On motion, Dr. Henry was called to the Chair, and, on taking it, he remarked that the meeting was not to be regarded as of a partisan character; but that we had met as American citizens, loving our country better than party, and ready to make any sacrifice but principle,  for the purpose of settling the difficulty now threatening the safety of the Union.  The "Star Spangled Banner" was then sung by the choir; and short patriotic addresses were made by Messers, Woods, Forguson, McBride, Baily, and Dr. McBride; when the following resolution was offered and unanimously adopted by every man present rising to his feet, except two, who explained, as their motive for not rising, that they were not citizens of the county, but that they were for the Union.Resolved:  That we are for the Union, the Constitution, and the enforcement of the laws in all sections, by every department of the Federal Government.

The meeting then adjourned, all expressing a determination to stand by the President so long as he shall support the Constitution, and maintain the laws.  The most gratifying feature of the meeting was the entire absence of all party feeling and the zeal manifested by Breekinridge and Douglas democrats, in support of the resolution. 

Every dwelling in the village was brilliantly illuminated, including the Courthouse, stores and mechanic shops;  and after the adjournment of the meeting, the young people testified their patriotic devotion to the Union, by spending the remainder of the evening attending a dancing party given by our enterprising and patriotic citizen, Morris Wolfe.

I think it may be safely asserted that in the event of a conflict at arms being forced upon the Government, every man in Yamhill County will be found rallying around the Stars and Stripes, ready to peril his life in defending the honor of his country's flag."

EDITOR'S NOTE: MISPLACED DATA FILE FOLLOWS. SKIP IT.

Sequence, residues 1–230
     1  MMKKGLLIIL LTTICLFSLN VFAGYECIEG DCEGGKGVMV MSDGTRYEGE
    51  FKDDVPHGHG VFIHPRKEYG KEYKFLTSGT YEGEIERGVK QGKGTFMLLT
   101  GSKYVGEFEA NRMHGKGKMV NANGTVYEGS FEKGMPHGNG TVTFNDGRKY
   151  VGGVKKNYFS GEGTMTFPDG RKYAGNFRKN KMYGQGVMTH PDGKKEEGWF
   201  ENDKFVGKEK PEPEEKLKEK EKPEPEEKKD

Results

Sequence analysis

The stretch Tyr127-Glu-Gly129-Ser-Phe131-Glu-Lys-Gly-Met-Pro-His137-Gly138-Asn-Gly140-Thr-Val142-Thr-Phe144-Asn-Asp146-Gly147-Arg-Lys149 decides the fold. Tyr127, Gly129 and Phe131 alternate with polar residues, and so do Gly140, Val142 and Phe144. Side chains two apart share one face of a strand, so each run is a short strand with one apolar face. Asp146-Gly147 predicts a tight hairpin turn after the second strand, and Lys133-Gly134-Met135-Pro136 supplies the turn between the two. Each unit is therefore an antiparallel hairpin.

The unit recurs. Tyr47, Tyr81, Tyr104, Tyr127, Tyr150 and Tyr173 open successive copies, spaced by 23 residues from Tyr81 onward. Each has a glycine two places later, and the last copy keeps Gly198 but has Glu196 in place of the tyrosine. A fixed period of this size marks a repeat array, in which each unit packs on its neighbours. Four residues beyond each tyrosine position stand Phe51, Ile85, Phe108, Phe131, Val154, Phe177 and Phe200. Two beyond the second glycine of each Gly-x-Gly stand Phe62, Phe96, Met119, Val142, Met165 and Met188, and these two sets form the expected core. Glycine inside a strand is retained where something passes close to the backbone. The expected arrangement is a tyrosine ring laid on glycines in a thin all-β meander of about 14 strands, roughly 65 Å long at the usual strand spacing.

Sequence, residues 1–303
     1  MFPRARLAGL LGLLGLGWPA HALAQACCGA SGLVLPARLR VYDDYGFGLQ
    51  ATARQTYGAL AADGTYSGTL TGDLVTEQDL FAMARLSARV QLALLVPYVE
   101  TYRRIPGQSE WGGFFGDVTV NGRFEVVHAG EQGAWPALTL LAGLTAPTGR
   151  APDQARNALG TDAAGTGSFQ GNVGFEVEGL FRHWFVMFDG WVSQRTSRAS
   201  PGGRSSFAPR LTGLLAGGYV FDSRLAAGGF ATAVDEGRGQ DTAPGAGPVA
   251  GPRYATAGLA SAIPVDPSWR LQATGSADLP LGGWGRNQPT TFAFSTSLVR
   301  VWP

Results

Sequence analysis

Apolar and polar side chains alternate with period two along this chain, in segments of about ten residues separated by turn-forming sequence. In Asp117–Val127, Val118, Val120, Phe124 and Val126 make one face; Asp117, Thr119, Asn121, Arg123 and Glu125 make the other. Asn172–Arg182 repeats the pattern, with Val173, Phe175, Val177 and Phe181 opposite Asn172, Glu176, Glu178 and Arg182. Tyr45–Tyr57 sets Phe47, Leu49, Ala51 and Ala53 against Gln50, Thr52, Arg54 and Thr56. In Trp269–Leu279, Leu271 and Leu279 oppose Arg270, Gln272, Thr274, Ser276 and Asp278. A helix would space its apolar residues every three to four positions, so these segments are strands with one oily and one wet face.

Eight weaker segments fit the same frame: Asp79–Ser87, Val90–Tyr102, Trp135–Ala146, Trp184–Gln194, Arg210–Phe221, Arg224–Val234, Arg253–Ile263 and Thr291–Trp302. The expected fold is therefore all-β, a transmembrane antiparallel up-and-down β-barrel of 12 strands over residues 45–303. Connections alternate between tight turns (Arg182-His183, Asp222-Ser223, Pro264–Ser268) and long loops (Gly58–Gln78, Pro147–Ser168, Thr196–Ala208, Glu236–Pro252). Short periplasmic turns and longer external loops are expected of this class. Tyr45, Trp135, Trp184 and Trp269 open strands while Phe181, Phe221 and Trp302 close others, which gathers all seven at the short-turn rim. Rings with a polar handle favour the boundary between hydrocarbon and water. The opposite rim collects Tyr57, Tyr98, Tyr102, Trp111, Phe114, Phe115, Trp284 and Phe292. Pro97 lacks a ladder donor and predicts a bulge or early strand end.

(The Daily Oregonian, "Inauguration Celebration at Lafayette on the 4th.", March 15, 1861.)

Thursday, February 28, 2013

Teach America's Story...through Music

Recently, a gentleman was telling our parade team about a fun little-known story behind the song "Yankee Doodle Dandy".   Most Americans know that the song has something to do with the Revolutionary War but the details to this story have been mostly forgotten.  They deserve to be brought back out of hiding though...especially for those who live in a town called "Lafayette".  Read on to learn why. 

Richard Shuckburgh, a British Army doctor, wrote the words of this song during the French and Indian War (which took place BEFORE the Revolutionary War) to make fun of the ragged, "country bumpkin" American soldiers.  The British, of course, were from one of the most powerful and prestigious nations on earth at the time and the Americans, in their mind, were backwards, uncultured simpletons.

As the British marched into battle at the beginning of the Revolutionary War, they sang this song.  However, what was meant to mock the Americans ended up uniting them.  The Americans took the song as their own - after changing some of the lyrics - and the song became a source of national pride for the rugged American colonists. 

At the end of the war, after the British surrendered to the Americans at Yorktown, a young general named "Lafayette" ordered that the Army band play the song "Yankee Doodle Dandy" to show the British it was the Americans who had the last laugh.  The British soldiers were furious.  At least one soldier even wrote about the humiliating experience in his diary.

American anthems and folk songs are just loaded with these kinds of stories.  The following link will take you to a blog with a great list of patriotic songbooks.  Some of these are written as storybooks for children and others offer a more in-depth look at how these songs came to be symbols of American culture.


Saturday, February 23, 2013

A Little Help to Get the Kids Motivated...


Did you know your children can earn medals just for learning about America's past?  Read on to learn about just one specific program that allows you to help your children do this.